Grunwald–Wang Theorem



Theory since 1933
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What is Grunwald–Wang theorem?

In algebraic number theory, the Grunwald–Wang theorem is a local-global principle stating that—except in some precisely defined cases—an element x in a number field K is an nth power in K if it is an nth power in the completion for all but finitely many primes of K. For example, a rational number is a square of a rational number if it is a square of a p-adic number for almost all primes p. The Grunwald–Wang theorem is an example of a local-global principle. It was introduced by Wilhelm Grunwald , but there was a mistake in this original version that was found and corrected by Shianghao Wang . The theorem considered by Grunwald and Wang was more general than the one stated above as they discussed the existence of cyclic extensions with certain local properties, and the statement about nth powers is a consequence of this.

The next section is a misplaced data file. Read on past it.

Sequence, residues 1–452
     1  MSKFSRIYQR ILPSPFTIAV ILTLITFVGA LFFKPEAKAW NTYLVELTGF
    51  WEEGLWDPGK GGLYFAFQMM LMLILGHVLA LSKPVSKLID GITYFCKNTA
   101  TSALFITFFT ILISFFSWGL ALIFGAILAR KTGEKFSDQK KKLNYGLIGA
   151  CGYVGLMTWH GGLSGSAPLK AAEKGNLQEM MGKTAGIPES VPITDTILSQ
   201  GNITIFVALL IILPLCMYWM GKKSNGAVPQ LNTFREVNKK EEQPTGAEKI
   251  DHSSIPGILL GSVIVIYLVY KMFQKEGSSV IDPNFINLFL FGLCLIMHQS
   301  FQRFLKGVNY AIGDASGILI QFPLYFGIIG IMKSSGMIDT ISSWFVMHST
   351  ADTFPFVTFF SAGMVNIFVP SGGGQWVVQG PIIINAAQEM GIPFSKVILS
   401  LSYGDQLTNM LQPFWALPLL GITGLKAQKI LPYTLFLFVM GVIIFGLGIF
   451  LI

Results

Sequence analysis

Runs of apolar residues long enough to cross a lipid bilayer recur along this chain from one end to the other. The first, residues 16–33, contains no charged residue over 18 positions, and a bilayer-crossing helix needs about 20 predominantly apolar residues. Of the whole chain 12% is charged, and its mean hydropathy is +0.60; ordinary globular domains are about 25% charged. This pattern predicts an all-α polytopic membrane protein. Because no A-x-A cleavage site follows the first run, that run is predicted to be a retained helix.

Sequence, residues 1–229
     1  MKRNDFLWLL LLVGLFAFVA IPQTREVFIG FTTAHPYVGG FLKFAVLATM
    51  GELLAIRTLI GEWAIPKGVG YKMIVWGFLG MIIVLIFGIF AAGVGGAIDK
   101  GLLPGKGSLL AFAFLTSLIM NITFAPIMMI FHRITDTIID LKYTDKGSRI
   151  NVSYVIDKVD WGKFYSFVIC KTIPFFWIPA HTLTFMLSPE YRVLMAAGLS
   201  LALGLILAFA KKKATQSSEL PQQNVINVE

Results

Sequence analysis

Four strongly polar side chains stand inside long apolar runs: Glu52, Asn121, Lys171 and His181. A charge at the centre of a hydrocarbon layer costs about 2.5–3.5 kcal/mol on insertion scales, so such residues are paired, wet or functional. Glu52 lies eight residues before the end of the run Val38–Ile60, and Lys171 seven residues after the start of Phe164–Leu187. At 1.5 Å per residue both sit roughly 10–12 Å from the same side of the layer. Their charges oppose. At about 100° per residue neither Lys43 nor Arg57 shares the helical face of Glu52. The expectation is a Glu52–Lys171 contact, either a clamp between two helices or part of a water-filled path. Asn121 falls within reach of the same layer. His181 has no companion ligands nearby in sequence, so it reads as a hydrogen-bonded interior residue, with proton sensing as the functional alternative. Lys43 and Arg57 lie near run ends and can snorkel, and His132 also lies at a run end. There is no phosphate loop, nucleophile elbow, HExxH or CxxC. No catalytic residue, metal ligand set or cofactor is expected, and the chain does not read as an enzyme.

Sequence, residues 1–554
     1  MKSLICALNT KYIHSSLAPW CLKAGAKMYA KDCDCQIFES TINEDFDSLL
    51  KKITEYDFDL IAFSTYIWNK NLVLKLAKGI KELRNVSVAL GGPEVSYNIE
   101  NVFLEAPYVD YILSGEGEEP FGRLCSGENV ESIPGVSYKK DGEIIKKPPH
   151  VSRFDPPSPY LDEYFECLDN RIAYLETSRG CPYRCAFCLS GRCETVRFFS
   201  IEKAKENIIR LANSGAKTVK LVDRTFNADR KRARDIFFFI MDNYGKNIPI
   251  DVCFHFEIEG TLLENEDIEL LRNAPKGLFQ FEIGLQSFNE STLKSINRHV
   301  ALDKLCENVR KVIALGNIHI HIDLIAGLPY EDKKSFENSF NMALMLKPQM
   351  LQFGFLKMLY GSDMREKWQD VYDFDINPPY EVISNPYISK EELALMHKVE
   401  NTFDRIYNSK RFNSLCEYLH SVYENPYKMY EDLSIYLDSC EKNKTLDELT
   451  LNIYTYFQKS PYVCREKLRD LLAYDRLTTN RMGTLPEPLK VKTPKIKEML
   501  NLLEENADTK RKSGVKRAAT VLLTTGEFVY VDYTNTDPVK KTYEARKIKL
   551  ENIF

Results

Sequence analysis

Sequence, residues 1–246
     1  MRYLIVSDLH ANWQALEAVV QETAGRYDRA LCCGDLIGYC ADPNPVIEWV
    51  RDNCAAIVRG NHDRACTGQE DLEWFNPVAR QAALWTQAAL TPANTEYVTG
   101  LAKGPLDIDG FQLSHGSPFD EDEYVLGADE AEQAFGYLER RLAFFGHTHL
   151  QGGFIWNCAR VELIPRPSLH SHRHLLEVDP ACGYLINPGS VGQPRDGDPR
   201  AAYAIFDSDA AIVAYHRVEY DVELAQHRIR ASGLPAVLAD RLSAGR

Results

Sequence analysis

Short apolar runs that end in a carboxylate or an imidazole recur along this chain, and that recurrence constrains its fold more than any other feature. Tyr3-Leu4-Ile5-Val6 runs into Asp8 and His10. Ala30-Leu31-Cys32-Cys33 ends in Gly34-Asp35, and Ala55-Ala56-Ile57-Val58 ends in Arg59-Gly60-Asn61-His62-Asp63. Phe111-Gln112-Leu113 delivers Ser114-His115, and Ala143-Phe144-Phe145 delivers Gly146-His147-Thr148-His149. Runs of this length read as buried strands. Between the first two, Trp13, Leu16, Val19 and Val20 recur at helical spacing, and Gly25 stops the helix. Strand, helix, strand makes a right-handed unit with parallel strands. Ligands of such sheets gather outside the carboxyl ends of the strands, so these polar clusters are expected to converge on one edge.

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class field theorypropositionstatementtheoremtheorems in algebraic number theorytheory


Grunwald theoremGrunwald-Wang theoremGrunwald-Wang's theoremGrunwald's theorem


Théorème de Grunwald-Wang (fr)

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